Love stories are hard to tell.
Oh sure, I can point to an endless number of works of literature, film, and song that suggest otherwise, but for the most part they’re either complete garbage or don’t tell the whole story. Or perhaps they attempt to tell the whole story but they’re just way too broad, so they skip over a lot of the details.
Then again, isn’t pre-packaged love with a nice soundtrack what we have all been conditioned to look for, anyway? It’s certainly less complicated than being in a relationship or being married, and our modern world certainly allows ourselves to encapsulate first glance to last kiss in a narrative. I certainly am guilty of polluting my girlfriends’ lives with mix tapes that were sometimes so awful that I am shocked that I wasn’t broken up with after the first listen. But for as much as my musical taste has been questionable throughout my life, I know that at least a few time I found a gem among what Sir Paul once called “silly love songs.” In fact, it’s happened several times, including when I first heard Great Big Sea perform “Sea of No Cares.”
Great Big Sea is a band I stumbled upon in the summer of 1999 when Amanda and I were house-sitting for a friend. While we spent a good amount of time exploring the greater Arlington/Alexandria area and seeing every movie that was in theaters at the time, I spent much of my days hanging out while she went to the internship she’d started after graduation. Most of that time, I was working on a novel and the various 1980s mixes in my car were wearing thin, so I went diving into her friend’s CD collection and found Rant and Roar. I’d heard of the band because I’d seen a video or two on MuchMusic, but wasn’t that familiar with them.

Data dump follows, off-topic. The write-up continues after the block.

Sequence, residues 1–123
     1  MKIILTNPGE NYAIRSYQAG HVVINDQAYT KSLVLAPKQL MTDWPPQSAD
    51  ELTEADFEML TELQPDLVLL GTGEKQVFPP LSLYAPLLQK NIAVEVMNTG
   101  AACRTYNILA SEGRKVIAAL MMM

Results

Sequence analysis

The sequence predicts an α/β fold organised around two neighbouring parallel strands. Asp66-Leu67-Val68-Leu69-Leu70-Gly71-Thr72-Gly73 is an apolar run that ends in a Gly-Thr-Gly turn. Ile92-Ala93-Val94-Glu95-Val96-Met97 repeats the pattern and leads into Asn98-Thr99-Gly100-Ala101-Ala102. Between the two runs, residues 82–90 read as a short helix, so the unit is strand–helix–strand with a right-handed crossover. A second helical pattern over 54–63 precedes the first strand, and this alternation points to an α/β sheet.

They didn’t need to do much to make me a fan, to be honest. The band was from Newfoundland, which is where my grandmother hailed from, and they had a boisterous sound that was what I was looking for after spending most of the last four years trapped in my roommates’ Grateful Dead/Phish/Jimmy Buffett death spiral. A year or so later, they played the Birchmere is Alexandria to support Turn. It was a great gig and I knew I wanted to see them again, so when my sister heard that they were playing the Maritime Festival in West Sayville on July 13, 2001, I was on the phone the minute tickets went on sale. I mean, when you come from a town that’s as obscure as mine, you definitely jump at the chance to see one of your favorite bands play there.
So we went, and in the hot July afternoon right next to the Great South Bay, the band started with “Donkey Riding,” which had become somewhat of a staple as far as opening numbers were concerned. The next couple of songs were from a few albums back and then, the band decided to play “Sea of No Cares,” which was going to be the title track to the new album. Amanda was standing next to me and humored me by letting me hold her even though by that point we were both sweaty and gross, and Alan Doyle began: “When you’re in love, there’s no time and no space/There’s a permanent smile on your face/Your friends all complain that you’re goin’ insane/But the truth is they’re just afraid/Hey, hey, hey somewhere/You threw your fear in the sea of no cares …”
Almost immediately, I found myself struck by the lyrics, as if they were some sort of revelation. Or, at least, I flashed back to an earlier point in our relationship where those first few lyrics rang true.